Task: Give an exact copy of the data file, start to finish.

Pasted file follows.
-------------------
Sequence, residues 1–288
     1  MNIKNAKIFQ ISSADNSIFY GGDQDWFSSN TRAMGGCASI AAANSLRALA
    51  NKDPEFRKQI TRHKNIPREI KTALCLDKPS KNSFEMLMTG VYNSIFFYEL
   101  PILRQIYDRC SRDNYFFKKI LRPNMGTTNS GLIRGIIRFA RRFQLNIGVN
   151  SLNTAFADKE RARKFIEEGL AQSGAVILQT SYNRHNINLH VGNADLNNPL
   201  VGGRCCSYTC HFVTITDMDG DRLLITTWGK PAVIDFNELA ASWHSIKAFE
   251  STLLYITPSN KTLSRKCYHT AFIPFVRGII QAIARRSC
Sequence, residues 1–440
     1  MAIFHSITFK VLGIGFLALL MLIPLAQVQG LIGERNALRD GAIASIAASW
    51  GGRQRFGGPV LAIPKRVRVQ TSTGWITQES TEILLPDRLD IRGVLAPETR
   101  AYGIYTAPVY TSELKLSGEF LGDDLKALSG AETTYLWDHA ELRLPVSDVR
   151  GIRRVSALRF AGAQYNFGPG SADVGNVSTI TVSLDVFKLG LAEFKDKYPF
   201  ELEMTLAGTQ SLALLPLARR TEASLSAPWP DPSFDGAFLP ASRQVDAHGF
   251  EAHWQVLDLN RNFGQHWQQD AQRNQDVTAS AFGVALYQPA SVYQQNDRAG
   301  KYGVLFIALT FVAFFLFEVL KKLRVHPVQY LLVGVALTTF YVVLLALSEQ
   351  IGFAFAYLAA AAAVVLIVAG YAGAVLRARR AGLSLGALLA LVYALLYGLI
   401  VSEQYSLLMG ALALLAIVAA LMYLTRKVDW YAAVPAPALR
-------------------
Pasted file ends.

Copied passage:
Sequence, residues 1–288
     1  MNIKNAKIFQ ISSADNSIFY GGDQDWFSSN TRAMGGCASI AAANSLRALA
    51  NKDPEFRKQI TRHKNIPREI KTALCLDKPS KNSFEMLMTG VYNSIFFYEL
   101  PILRQIYDRC SRDNYFFKKI LRPNMGTTNS GLIRGIIRFA RRFQLNIGVN
   151  SLNTAFADKE RARKFIEEGL AQSGAVILQT SYNRHNINLH VGNADLNNPL
   201  VGGRCCSYTC HFVTITDMDG DRLLITTWGK PAVIDFNELA ASWHSIKAFE
   251  STLLYITPSN KTLSRKCYHT AFIPFVRGII QAIARRSC
Sequence, residues 1–440
     1  MAIFHSITFK VLGIGFLALL MLIPLAQVQG LIGERNALRD GAIASIAASW
    51  GGRQRFGGPV LAIPKRVRVQ TSTGWITQES TEILLPDRLD IRGVLAPETR
   101  AYGIYTAPVY TSELKLSGEF LGDDLKALSG AETTYLWDHA ELRLPVSDVR
   151  GIRRVSALRF AGAQYNFGPG SADVGNVSTI TVSLDVFKLG LAEFKDKYPF
   201  ELEMTLAGTQ SLALLPLARR TEASLSAPWP DPSFDGAFLP ASRQVDAHGF
   251  EAHWQVLDLN RNFGQHWQQD AQRNQDVTAS AFGVALYQPA SVYQQNDRAG
   301  KYGVLFIALT FVAFFLFEVL KKLRVHPVQY LLVGVALTTF YVVLLALSEQ
   351  IGFAFAYLAA AAAVVLIVAG YAGAVLRARR AGLSLGALLA LVYALLYGLI
   401  VSEQYSLLMG ALALLAIVAA LMYLTRKVDW YAAVPAPALR